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Home & garden.

7 Dec 2021

How to grow tulips

Tulip bulbs are planted in November for flowers the following spring. Learn how to grow them and try our Best Buy varieties
Ceri Thomas

Tulips are one of the most glamorous plants in the spring garden. Growing them in pots works particularly well as they dislike growing in cold or wet soil. You can make the most of their colourful flowers, which will brighten up your outside space on even the dullest days through April and May.

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Key facts

Plant type: Spring-flowering bulb

Position: Full sun or partial shade

Soil: Well-drained

How to grow tulips: month by month




Best tulip varieties

Which? members can log in now to see the full results and which are our Best Buy varieties. If you’re not a member, join Which? to get instant access.

Best Buy tulips for pots
What it looks likeVariety nameHeight
This was a very elegant tulip with delightfully simple, single flowers of pure white. They all came into bloom in perfect unison, presenting their flowers at almost exactly the same height, and gave a very striking display. They continued to bloom immaculately for the next four weeks through some very warm spring weather which caused other varieties to quickly go past their best. We thought these were particularly beautiful and refined tulips. Peak flowering: Four weeks, Apr-May
What it looks likeVariety nameHeight x spread
The big, double blooms of this variety put on a great show. All the plants were very healthy, with thick and strong stems which provided the necessary scaffolding to hold their large flowers steady, even in strong winds. The flowers all opened in perfect synchronisation to ensure they gave maximum impact and they lasted for four weeks from mid-April. Their bright-pink colour faded slightly as they aged, but this just added to their charm.  Peak flowering: Four weeks, Apr-May
What it looks likeVariety nameHeight x spread

How we test tulips

We selected 26 popular tulip varieties that had been recommended for growing in pots.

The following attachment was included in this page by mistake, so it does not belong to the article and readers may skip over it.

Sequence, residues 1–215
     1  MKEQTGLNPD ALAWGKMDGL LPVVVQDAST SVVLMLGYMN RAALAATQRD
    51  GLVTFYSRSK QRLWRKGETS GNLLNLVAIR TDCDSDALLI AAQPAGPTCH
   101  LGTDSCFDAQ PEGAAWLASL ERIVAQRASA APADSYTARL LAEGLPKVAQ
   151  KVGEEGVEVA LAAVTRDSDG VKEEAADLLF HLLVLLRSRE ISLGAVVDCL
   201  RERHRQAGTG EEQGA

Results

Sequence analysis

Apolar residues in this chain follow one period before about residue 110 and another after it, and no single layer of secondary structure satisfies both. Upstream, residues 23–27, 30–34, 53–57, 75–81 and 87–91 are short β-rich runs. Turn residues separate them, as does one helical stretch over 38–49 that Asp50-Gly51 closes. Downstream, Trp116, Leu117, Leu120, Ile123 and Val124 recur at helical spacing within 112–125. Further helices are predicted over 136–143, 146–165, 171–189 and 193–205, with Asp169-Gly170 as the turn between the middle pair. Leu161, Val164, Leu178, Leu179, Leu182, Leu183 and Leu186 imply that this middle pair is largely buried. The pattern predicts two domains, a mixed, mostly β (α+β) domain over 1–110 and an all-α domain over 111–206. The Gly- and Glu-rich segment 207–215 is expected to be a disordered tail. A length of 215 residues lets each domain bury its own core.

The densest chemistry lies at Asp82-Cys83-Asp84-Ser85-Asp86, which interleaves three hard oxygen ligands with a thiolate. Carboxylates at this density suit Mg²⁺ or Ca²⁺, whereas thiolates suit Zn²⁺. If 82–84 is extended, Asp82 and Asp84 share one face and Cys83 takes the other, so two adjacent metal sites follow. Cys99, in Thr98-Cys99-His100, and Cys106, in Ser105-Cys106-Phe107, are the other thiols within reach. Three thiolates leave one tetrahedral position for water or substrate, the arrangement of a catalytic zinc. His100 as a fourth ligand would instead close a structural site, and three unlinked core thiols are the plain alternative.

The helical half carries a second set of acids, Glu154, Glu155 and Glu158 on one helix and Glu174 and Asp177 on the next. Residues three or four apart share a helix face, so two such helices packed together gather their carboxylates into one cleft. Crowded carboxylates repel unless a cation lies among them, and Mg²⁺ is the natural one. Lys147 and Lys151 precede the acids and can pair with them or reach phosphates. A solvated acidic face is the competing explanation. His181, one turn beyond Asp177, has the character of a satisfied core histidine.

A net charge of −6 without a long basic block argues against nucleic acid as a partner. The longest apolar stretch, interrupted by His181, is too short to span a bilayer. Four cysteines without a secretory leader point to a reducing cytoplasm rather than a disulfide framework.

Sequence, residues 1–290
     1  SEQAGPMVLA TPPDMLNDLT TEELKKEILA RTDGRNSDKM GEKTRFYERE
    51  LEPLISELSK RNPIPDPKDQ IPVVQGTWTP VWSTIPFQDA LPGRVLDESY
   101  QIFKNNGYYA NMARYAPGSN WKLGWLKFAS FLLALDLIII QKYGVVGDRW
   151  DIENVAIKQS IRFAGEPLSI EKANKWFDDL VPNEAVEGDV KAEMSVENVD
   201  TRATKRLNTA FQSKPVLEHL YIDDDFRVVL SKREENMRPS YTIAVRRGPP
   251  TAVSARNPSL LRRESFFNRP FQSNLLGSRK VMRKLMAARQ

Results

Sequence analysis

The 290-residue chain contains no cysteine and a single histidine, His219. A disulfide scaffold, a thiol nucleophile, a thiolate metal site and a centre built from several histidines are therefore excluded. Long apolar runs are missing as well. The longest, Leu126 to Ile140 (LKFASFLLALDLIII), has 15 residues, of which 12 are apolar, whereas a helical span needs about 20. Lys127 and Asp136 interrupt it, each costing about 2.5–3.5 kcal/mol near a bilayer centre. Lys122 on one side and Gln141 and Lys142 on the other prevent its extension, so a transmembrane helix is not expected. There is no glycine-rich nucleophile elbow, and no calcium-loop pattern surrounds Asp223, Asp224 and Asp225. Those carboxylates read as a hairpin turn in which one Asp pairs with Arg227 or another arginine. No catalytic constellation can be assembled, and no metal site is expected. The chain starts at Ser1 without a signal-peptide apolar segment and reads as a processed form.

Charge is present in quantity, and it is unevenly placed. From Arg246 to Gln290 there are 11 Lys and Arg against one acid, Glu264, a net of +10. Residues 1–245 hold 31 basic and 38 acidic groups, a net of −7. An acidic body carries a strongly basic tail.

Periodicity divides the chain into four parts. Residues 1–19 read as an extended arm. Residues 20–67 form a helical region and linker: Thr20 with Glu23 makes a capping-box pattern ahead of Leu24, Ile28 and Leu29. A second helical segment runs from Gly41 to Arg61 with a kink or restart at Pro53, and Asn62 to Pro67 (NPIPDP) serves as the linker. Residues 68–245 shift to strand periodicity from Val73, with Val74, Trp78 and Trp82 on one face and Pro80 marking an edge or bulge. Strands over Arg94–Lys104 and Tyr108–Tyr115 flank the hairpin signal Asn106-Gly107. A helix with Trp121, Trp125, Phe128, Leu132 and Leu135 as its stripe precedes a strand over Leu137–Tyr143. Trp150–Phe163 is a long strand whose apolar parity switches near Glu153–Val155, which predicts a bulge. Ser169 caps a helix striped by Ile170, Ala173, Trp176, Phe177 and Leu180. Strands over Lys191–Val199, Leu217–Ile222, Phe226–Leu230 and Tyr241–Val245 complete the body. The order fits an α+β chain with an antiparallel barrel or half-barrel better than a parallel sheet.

We planted 15 bulbs of each variety at twice their own depth in a 35cm-diameter pot, using our Best Buy compost for containers

The pots were placed outside on the patio for the winter and, as they came into flower in the spring, we kept records of how long they were in flower, noting whether all the plants of the same variety flowered at a similar time and height. 

We kept an eye out for any problems caused by pests, diseases or the weather. 

We also assessed the plants’ suitability for pots, looking especially at the length and thickness of their stems.

Caring for your plants

Buying bulbs

Choose the biggest bulbs you can and make sure they’re firm and free from mould. They're on sale from August onwards in garden centres so buy earlier for the best selection of varieties or alternatively order online from a bulb specialist. Then store in a cool place, such as a shed, until you're ready to plant them in November - don't plant earlier or they are more vulnerable to fungal diseases, such as tulip fire. If you delay planting until December or January, you'll get shorter plants that don't spend as much time in flower. However, if you forget to plant at the right time, it's still worth putting them in the ground.


If planting in a pot, ensure that it has sufficient drainage holes as tulips can suffer if they’re waterlogged. Plant tulips at three times their own depth. Bulbs should be planted about 5cm apart.


Give them liquid feed while they are in leaf. This helps them to form strong bulbs for next year.  


Remove the faded flowers to the base of their stems once they fade. Allow the leaves to wither and die before tidying them up.

Common growing problems

Tulip fire

Tulip fire is a serious disease of tulips. Shoots become distorted and wither as they emerge. New bulbs shouldn’t be affected, but the infection can be transferred in spring as they emerge.

Read more about tulip fire

Not reflowering

Getting tulips to bloom again after their first year can be tricky. We've found that planting the bulbs deeply (around 15cm deep) and leaving them in the ground gives the best results. Alternatively planting under a deciduous tree or shrub is good as it gives the dry conditions they need in summer.

But if you can’t avoid lifting them, then don’t bother planting them too deeply– they will be just as happy shallow planted and then dug up after flowering and replanted the following autumn.

Bulbs grown in  pots develop satellite bulbs (bulbils). This causes a lot of leafy growth but no flower production. It's best to start with fresh bulbs each autumn.